One hundred and forty-five years ago today, on October 5, 1869, a huge gale struck Nova Scotia in the Bay of Fundy area. This colossal storm turned wharves to matchsticks, threw whaling vessels around like bathtub toys and inundated the coastal zones with immense tides–by some reckoning as much as 80 feet above normal. The tides in particular were responsible for much of the human carnage. A cemetery at Hillsborough, New Brunswick is reportedly full of victims of “the tide,” but as is usual with sea storms, death tolls tend to be much higher than reported because many victims’ bodies are not recovered.

The noteworthy thing about the October 1869 gale, aside from its ferocity, was the claim that it had been predicted almost a year in advance. On Christmas Day 1868, a letter to the editor from British Royal Navy lieutenant named Stephen Saxby was published in a London newspaper. Full of information about tides and phases of the moon, Saxby predicted a major storm on the Canadian coast for October 5, 1869:

I now beg leave to the state, with regard to 1869, that at seven a.m., on October 5, the moon will be at that part of her orbit which is nearest to the earth. Her attraction will, therefore, be at its maximum force. At noon of the same day the moon will be on the earth’s equator, a circumstance which never occurs without mark atmospheric disturbance…With your permission, I will, during September next, for the safety of mariners, briefly reminding your readers of this warning. In the meantime there will be time for the repair of unsafe sea walls, and for the circulation of this notice by means of your far-reaching voice, throughout the wide world.

Saxby continued his warnings in the months leading up to the disaster. On October 1 he gave a detailed description of the coming storm, warning of the violence of the “equinoctical gale” that he insisted was coming. The actual course of the storm turned out to be eerily similar to his predictions.

The Saxby Gale of 1869 gets a mention in this video demonstrating the unusual tidal activity in the Bay of Fundy.

Prediction of the weather–especially by looking at celestial events–was something of an obsession with Stephen Saxby. In 1864 he published a book called The Weather System, which, as the title suggests, was a whole rigamarole for predicting storms based on the phases of the moon. He’d tried to interest the Royal Navy and the Royal Observatory in his theories, only to get the cold shoulder. If Saxby sounds eerily like George Mackenzie, the eccentric Scottish weather-watcher from the 1810s who you met on my blog earlier this week, it’s because they were cut from the same cloth. Mackenzie was obsessed with winds; Saxby with the Moon and astrological events. Indeed some described his approach as “astrological meteorology.”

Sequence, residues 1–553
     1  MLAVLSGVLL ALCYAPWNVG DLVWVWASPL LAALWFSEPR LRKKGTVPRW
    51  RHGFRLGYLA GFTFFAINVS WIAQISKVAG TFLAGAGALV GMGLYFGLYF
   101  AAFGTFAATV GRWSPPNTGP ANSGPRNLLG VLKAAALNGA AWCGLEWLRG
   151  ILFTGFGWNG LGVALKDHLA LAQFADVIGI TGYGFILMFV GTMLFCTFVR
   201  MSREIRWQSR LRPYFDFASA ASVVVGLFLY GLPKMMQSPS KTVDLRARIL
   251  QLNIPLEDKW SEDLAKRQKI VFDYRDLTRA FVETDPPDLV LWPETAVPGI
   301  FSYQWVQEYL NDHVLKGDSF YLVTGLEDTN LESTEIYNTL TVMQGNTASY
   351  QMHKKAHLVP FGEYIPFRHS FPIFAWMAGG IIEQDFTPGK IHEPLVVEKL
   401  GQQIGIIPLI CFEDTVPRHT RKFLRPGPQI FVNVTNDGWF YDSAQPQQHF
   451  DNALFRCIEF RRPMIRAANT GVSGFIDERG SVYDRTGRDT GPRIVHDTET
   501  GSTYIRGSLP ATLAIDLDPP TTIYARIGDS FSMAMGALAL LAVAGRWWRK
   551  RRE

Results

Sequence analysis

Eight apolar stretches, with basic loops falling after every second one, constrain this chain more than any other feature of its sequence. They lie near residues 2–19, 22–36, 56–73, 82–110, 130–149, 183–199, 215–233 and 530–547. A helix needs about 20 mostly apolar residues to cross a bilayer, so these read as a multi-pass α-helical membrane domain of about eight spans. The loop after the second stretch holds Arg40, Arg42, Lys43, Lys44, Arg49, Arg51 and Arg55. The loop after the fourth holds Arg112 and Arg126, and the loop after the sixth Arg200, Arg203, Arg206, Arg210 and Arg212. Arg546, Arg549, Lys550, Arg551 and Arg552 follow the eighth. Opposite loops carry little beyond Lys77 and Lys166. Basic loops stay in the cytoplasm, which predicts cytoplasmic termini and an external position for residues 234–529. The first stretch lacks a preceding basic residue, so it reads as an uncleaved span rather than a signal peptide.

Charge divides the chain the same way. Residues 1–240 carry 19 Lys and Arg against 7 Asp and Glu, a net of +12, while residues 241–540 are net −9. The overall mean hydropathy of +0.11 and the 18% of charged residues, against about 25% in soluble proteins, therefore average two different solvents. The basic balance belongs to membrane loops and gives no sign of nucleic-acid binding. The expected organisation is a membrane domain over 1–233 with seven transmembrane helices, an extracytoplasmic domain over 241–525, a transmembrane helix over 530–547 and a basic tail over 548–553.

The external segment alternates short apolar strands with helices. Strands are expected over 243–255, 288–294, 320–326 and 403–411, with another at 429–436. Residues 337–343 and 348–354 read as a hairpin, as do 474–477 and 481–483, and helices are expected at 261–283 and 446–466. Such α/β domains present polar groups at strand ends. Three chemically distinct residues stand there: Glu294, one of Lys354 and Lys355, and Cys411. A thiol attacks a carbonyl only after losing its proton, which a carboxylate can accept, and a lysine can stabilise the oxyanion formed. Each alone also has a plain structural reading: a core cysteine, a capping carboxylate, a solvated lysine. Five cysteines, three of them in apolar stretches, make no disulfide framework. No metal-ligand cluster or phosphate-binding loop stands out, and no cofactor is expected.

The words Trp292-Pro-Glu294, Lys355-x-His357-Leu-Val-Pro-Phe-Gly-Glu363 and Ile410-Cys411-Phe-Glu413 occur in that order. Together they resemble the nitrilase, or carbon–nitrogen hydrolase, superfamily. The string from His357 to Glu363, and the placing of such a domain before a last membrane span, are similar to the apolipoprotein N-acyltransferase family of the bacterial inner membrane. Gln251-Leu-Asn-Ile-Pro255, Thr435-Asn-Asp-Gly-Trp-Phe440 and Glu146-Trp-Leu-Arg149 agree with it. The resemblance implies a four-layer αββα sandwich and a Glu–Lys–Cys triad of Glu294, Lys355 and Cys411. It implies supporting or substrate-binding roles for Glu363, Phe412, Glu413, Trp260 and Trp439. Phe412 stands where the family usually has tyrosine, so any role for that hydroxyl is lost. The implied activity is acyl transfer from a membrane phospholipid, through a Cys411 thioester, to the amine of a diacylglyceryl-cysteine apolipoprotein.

But did Saxby and his “system” really get it right? I’m really not so sure. If you predict a gale in eastern Canada in early October, the chances of being right actually aren’t that remote. This part of the year is extremely tempestuous in northern Atlantic waters. As for the ferocity of the storm, and especially the giant tides, one should note that the Bay of Fundy has the highest tidal range in the world–55 feet in many places. The Saxby Gale set the world’s record for tidal range, that being 71 feet at the height of the storm. Certainly it’s extremely dramatic, but keep in mind that the geography and hydrography of the Bay of Fundy makes it so that tidal storms will be much more severe in their effects there than other places. Curiously the Saxby Gale didn’t do much damage other than the southern and eastern shores of Nova Scotia, where tides are most severe.

bay of fundy

The Bay of Fundy has the most severe tides in the world, resulting in strange geological formations like these.

I think Saxby’s prediction is a prime example of what we now call the “Jeane Dixon effect.” Jeane Dixon was a 20th century tabloid psychic who claimed to have predicted the assassination of John F. Kennedy in 1956; when he was in fact assassinated in November 1963 the press began paying a lot of attention to her because she had been “vindicated.” The problem was that Dixon’s prediction was vague to begin with, and she made so many of them that the law of averages suggested she was bound to guess right just by accident at least once. In Saxby’s case, his prediction wasn’t very far-fetched to begin with; the approach of the Moon to the Earth does have a demonstrable effect on tides, and in the exact day and hours of the storm’s approach he was probably just lucky. We also have no idea how many other weather predictions Saxby made that turned out to be wrong. The media never reports on failed psychic predictions, only the ones that appear to be “true.” That was the case in 1869–when psychics and paranormal claims sold papers and magazines–just as it is today.

So much for Stephen Saxby. But his story is interesting at least.

The painting at the top of this article is by James Hamilton (1819-1878).
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